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Summer Road Trip – Capitol Reef National Park

Capitol Reef National Park

Summer Road Trip – Capitol Reef National Park

After Zion and Bryce Canyon, Capitol Reef National Park was our next stop.  This is the least-visited of Utah’s national parks. However it is well worth a visit, with some interesting historic attractions to go with the usual geological wonders.

Introduction to Capitol Reef National Park

It was another hot summer day in Utah, so we got moving early in the morning on the one full day we planned to be in the park. As soon as we crossed into the park we encountered some quality scenery worthy of the National Park designation. We stopped at the aptly named Panorama Point to get our first good look.

Capitol Reef National Park

Capitol Reef National Park

Our next stop was the Visitor Center, which nestles beneath a photogenic rock formation. The friendly rangers gave us some good information about the park and which hikes would suit our (lack of) fitness level. They pointed us in the direction of the park’s Scenic Drive. At the end of this drive is the trailhead for the Capitol Gorge Trail, which would be our hike for the morning.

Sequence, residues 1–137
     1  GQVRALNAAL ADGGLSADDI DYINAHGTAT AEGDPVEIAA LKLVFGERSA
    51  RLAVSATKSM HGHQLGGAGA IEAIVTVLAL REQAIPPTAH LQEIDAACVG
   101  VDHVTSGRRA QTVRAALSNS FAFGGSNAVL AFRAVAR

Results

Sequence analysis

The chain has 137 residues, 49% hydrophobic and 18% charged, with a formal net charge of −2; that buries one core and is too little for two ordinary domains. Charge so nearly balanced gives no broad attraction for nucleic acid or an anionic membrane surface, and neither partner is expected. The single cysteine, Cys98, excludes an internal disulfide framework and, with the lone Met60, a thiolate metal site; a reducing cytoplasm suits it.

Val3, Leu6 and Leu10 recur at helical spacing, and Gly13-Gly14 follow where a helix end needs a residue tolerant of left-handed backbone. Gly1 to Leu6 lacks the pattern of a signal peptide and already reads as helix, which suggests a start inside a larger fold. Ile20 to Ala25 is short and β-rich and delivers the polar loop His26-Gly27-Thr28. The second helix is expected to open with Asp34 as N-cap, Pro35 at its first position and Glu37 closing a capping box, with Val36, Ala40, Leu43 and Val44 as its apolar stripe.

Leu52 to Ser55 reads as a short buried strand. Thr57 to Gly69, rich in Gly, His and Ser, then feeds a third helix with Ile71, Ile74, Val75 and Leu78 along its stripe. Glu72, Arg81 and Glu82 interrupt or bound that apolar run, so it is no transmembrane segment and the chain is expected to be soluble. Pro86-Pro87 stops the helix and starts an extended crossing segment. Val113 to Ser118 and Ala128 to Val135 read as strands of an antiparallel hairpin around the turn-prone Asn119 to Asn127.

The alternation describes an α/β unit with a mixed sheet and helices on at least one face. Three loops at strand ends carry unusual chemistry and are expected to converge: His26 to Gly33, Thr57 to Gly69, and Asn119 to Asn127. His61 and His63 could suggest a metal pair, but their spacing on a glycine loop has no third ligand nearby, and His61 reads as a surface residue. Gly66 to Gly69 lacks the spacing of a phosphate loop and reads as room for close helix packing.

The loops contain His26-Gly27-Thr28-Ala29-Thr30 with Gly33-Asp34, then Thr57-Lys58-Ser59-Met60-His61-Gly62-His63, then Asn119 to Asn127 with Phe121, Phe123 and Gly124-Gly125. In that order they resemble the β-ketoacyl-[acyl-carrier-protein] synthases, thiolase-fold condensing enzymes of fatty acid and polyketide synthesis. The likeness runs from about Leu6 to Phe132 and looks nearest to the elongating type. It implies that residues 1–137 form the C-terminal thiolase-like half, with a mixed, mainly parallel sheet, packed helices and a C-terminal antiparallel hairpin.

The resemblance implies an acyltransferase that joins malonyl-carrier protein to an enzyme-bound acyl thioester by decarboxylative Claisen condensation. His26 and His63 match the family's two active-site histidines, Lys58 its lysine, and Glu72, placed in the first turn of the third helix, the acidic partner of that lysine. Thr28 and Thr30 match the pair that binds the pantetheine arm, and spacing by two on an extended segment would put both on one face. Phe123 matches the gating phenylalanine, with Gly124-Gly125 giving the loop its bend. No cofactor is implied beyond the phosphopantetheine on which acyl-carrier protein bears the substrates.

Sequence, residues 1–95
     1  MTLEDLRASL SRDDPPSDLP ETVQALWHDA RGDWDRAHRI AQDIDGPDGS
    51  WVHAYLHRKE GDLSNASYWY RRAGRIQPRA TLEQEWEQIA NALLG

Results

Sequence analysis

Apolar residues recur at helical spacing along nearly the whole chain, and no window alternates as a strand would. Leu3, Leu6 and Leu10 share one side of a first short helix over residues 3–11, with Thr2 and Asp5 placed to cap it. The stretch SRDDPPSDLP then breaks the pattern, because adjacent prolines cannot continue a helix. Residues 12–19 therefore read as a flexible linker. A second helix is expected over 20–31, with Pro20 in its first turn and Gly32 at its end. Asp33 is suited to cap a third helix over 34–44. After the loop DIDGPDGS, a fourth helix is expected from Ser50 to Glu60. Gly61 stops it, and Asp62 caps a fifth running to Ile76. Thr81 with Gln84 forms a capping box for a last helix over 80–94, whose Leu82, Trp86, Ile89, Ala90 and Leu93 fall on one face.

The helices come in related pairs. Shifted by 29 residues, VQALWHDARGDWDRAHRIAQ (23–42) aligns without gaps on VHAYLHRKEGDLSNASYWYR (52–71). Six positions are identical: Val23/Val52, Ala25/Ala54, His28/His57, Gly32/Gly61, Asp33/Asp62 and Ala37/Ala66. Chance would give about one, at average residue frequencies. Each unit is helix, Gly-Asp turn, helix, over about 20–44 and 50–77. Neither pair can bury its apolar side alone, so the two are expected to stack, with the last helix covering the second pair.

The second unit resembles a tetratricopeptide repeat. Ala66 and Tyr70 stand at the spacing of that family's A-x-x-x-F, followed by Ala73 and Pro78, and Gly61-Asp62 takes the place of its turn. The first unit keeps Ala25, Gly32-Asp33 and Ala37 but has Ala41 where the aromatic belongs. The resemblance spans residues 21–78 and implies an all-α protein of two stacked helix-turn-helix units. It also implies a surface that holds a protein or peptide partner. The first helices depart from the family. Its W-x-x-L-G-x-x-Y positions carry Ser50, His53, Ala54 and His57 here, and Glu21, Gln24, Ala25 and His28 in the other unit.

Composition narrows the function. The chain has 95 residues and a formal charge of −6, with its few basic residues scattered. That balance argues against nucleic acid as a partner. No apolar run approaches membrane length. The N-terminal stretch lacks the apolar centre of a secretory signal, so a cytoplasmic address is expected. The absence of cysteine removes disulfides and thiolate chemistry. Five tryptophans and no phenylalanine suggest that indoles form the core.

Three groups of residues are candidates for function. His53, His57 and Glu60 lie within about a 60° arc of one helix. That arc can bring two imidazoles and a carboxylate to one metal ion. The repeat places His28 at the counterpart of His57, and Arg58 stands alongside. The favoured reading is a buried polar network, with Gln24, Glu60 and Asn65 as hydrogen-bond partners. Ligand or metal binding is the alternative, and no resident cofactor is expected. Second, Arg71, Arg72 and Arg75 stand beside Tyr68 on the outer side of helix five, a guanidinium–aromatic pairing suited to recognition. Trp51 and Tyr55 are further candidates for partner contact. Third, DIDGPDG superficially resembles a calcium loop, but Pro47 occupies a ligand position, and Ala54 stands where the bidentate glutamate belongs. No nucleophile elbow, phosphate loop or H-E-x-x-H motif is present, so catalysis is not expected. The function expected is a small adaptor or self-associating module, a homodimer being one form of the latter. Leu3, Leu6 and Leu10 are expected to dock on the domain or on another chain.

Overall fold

Capitol Reef National Park

Capitol Reef National Park Visitor Center

Capitol Gorge Trail

After parking our car near the Capitol Gorge trailhead we put on our sunscreens, hats and hydration packs and set off into the gorge.

Capitol Reef National Park

Hiking Capitol Gorge, Capitol Reef National Park

This is a fascinating walk, with lots of history, as well as spectacular scenery. The first point of interest we came to was some 1,000 year old Fremont petroglyphs.

Capitol Reef National Park